ESPN is trying to use an old tweet about Kamala Harris to forward some kind of pointless commentary.
On Saturday, history was made at the Kentucky Derby when a huge long-shot, fill-in horse managed to defy reality and pull off a complete upset victory at Churchill Downs in Louisville. Rich Strike was on nobody’s radar, yet managed the second-biggest upset in the history of the Derby. The finish has launched all aspects connected to the horse into notoriety. The owners, the stable, and trainer Eric Reed have all received remarkable focus within the sport this week.
Reed sat down for an interview with ESPN to discuss the race and the after-effects. At least, at first. On the sports documentary show “Outside The Lines,” host John Barr had a trap he thought he could set for Reed. During their discussion, Barr springs on Reed this challenge: if he has any explanation about a comment regarding the Vice President of the United States.
“I have to ask you – was that your actual account and was that a tweet from you – and if so, what do you have to say about that?”
— Ben Koo (@bkoo) May 11, 2022
Seriously now, John, you have to ask this question?!
No, you do not have to ask that question, and here is why. It has absolutely nothing whatsoever to do with the race, the result, the machinations at his business, nor any of Reed’s activities within the sport. This was a simplistic attempt by an activist network to gin up some sort of controversy regarding the Biden administration, and a tepid effort to cancel Reed. The reason is evident only to the biased operators in the broadcast spectrum.
The tweet that Barr brought up is from January. Sebastian Gorka put out a tweet where he rhetorically asked: what were Kamala Harris’ qualifications to be Vice President? From the account believed to be Eric Reed’s (the account was locked, as of press time), there was a possibly disparaging, off-color remark about the Vice President. That is the extent of a possible problem.
Reed, to his credit, was not interested in this aspect of the conversation. He did not flinch and moved right past the question without even delving into the matter. He basically made it clear to Barr that it was an asinine topic to import into their interview.
“Haven’t been told about it. I don’t know what’s going on out there. I’m more concerned with Richie and what’s going on with us and this great horse, and how much he’s helping everybody. So, there’s haters out there, and that’s about how I’m gonna leave something like that.”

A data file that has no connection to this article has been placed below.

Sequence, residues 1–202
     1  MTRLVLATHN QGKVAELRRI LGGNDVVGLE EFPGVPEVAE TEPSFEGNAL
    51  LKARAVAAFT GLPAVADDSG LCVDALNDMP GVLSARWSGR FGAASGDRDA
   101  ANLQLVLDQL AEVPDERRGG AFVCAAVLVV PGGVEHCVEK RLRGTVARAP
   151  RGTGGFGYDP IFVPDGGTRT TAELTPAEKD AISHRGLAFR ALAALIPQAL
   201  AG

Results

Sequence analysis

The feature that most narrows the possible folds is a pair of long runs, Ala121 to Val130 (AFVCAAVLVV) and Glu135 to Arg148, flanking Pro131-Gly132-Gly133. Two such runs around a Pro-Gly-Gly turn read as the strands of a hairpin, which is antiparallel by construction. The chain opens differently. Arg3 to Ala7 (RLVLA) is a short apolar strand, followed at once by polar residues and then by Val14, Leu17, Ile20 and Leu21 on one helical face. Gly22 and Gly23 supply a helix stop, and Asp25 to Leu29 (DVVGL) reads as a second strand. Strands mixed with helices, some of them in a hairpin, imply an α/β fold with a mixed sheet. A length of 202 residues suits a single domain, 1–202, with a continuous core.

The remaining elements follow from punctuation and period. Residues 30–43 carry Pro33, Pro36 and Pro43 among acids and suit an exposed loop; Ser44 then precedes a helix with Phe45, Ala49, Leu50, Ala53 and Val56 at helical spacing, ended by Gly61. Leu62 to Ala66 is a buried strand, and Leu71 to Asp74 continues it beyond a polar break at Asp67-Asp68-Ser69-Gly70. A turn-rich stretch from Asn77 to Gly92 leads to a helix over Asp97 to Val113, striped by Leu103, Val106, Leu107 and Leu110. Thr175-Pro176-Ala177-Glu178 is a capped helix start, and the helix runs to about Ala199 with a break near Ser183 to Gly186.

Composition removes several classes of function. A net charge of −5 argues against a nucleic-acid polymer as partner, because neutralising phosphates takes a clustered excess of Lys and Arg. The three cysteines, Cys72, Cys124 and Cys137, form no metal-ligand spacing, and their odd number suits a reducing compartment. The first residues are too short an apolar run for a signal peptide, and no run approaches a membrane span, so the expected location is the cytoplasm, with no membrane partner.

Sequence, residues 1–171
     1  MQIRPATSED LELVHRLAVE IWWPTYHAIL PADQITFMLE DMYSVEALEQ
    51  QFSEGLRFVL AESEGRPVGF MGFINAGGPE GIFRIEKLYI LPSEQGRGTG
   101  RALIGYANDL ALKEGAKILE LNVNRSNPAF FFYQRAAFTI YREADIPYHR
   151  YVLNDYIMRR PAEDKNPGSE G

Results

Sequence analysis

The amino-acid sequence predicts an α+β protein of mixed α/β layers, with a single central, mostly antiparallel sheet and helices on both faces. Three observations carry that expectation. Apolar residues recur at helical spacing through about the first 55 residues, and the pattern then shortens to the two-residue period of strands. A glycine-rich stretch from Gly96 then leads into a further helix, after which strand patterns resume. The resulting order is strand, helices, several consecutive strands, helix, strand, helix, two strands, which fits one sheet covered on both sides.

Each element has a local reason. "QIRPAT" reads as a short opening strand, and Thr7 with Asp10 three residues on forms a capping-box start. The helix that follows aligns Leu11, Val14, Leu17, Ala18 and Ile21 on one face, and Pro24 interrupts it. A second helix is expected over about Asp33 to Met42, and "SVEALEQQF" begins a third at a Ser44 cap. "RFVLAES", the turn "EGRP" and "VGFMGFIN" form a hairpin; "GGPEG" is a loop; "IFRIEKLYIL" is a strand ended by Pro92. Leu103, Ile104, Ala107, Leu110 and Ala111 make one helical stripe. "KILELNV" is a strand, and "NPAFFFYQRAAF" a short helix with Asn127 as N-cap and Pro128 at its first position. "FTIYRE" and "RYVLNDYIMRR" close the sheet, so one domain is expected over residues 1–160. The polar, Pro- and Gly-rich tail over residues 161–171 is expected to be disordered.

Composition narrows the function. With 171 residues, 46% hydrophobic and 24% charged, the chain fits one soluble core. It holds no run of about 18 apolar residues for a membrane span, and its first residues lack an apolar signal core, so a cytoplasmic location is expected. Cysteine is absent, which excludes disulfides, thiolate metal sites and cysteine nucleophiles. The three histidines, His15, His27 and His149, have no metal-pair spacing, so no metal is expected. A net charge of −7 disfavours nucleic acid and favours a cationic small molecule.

What is apparent is that someone at ESPN discovered that Reed was a conservative/Republican, and that this was to become something for Barr and the program to target. Reed was interviewed on a webcam from his office, and on the wall amid racing plaques and other signifiers, a picture of President Trump is visible.
— Mike Hogan (@MHoganSays) May 11, 2022
This is a prime example of how debased the journalism industry has become. The bias and partisanship is hardly reserved to the political outlets, and ESPN has clearly, in recent years, made it known the corporate positions held are left of center–and those of many of the on-air hosts are even further out than that.
This interrogation attempt came out of that network’s alleged hard news division. “Outside The Lines” has long fashioned itself as almost a sports version of “60 Minutes,” delving into more serious matters concerning the sports leagues and athletics. This, however, was something in the tabloid journalism realm, an attempt to create a story and a controversy where there really was none to be found.
All the proof you need is to look at this if it had been a political figure on the right. Had Reed tweeted a scathing comment about Trump or Mitch McConnell (he is from Kentucky, after all), or any other notable conservative, it still would not have had any relevance whatsoever to the race and what he accomplished.
The only difference possibly–if it had been a conservative figure–is that the only comments from ESPN would likely have been made off-camera, and be congratulatory in nature.